Two days ago, I
attended the IASA(International Association of Software Architects) meeting in Atlanta (http://www.iasaglobal.org/iasa/Atlanta_Chapter.asp)
. The presenter Joseph DeCarlo spoke about doing iOS development in the enterprise. After the presentation,
I got to talking with him about his development experience. We spoke about a
variety of topics; like his move from the .Net development to Mac development,
and we spent time discussing SCM(Source Control Management) packages -
including TFS(Team Foundation System)
and Git. The team he works with is moving away from TFS as they felt that TFS
was "too heavy" a process, and they moved to Git to make thier
development process "lighter" (more agile). I have been trying to get my
employer to move toward TFS as a standard (what we are required to use now is an abomination from the software graveyards) - so this was an interesting discussion for me. It left the impression that the Distributed
version control approach, in this case Git, added an agility to a team, that
TFS might not have.
Joseph DeCarlo said
that he has learned enough about Git to teach it, and do presentations on it.
When he first started looking at Git he was not so sure about it, and then he
read two books about it, and was sold - to the point that he claims he would not
use another source control system. He
said that the impact of using Git on his development experience was as large as
going from C++ to .Net ( he worked for 8 or more years in each of them). The
discussion made me want to finally pull the trigger on doing the install of Git
on my machine.
I still looked at some
more posts on the "Git vs Mercurial" topic(more info gathering) -
this post tries to claim that Git is like MacGyver and Mercurial is like
James Bond -it
was well written - however is a bit dated now - as Mercurial has added some new
functionality (see the comments on the post).
Within this post, the point is made
that the community of developers is more important than the tool - which I
agree with, and in my mind decides the tool to some degree- If that is the community that is
working on the stuff I am interested in.
And finally a post
from someone who used both products for over a year, proficient in both - it speaks about how
you approach the "version control hygiene" can impact the entire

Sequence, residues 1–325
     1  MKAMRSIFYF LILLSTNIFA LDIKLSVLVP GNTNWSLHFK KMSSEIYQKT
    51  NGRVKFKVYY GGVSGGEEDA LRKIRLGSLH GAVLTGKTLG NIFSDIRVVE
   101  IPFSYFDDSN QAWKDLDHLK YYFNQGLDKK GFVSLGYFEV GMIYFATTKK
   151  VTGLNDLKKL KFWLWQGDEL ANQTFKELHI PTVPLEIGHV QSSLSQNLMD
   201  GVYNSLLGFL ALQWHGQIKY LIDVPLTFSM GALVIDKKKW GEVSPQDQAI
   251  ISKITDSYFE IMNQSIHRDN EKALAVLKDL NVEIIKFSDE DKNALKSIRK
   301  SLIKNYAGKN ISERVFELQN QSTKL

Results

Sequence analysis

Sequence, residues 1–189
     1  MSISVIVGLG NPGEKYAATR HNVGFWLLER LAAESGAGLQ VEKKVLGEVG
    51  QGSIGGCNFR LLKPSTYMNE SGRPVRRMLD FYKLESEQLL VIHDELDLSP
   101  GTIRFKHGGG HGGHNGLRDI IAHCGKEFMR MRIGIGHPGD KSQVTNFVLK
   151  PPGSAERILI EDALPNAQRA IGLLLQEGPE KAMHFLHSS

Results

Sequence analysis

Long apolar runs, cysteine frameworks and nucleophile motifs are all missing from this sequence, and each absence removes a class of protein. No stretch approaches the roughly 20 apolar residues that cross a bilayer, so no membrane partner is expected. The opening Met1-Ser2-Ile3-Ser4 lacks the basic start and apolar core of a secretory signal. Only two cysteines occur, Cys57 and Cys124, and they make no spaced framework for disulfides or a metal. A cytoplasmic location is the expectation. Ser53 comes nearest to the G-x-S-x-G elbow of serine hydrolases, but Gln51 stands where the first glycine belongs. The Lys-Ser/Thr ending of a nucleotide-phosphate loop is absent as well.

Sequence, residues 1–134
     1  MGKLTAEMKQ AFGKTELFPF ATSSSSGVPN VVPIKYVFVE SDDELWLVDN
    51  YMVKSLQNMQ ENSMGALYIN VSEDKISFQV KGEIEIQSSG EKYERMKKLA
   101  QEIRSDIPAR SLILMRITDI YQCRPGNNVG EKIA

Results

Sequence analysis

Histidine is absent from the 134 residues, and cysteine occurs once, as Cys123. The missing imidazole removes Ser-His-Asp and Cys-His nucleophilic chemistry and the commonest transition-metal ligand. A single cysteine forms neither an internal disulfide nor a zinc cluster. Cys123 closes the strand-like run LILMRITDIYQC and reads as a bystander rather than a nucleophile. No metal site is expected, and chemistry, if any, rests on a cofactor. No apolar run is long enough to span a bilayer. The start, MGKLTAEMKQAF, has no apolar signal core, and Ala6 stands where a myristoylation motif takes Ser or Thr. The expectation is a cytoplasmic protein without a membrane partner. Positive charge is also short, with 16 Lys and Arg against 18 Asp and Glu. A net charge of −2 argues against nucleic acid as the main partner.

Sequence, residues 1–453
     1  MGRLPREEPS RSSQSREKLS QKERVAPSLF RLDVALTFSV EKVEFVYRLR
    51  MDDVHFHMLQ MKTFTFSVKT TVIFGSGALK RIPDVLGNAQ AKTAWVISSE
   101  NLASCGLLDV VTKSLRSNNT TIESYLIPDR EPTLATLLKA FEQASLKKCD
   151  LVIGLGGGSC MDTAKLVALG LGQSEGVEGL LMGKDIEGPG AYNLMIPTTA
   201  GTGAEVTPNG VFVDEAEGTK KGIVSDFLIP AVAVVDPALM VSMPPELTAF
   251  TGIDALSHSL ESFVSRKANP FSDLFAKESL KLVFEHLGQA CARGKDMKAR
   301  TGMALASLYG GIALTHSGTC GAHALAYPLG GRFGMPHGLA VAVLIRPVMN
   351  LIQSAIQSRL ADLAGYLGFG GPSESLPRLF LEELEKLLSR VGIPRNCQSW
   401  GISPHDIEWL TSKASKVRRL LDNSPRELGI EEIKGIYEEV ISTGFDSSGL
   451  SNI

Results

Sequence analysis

project in using Git.
I have access to
Safari Online, so getting books to read on a topic is great - and I looked up a
couple of books on Git. From the book Pro Git - by
Scott Chacone, in the first chapter of
the book, he cited the link http://code.google.com/p/msysgit/
I had put in my earlier research post on "Git or Mercurial". The link from that site to "Install
msysgit"went to https://github.com/msysgit/msysgit/wiki/InstallMSysGit - which went
nowhere for me --not reachable - but there on the far left of the page ( http://code.google.com/p/msysgit/) are several install (exe) programs - I downloaded and
ran the Full install program; The
executable compiled and setup Git on my
machine and the last bit of the install shows commands to create the shortcuts
- I created a Start Menu and Desktop shortcut. So now
I have pulled the trigger and can
explore Git on my own.
The experience of running the install (pretty painless) was far
easier to do - than to do the research. I just like to know what it is I am getting
into, and have an interest in seeing that there is a value in going in any certain
direction before I go there. The discussion with Joseph DeCarlo had given me the push I needed to pull the trigger.
Now I have to learn
the basics of how to use it!
After the install
the help file is great place to start.
BTW - I Did
encounter an interesting interactive Git "cheat sheet" ;
(click in the horizontal bars you find there) - but need to learn the basics
I hope I can carve out the time to learn it, and use it, at least to some degree - over the next year.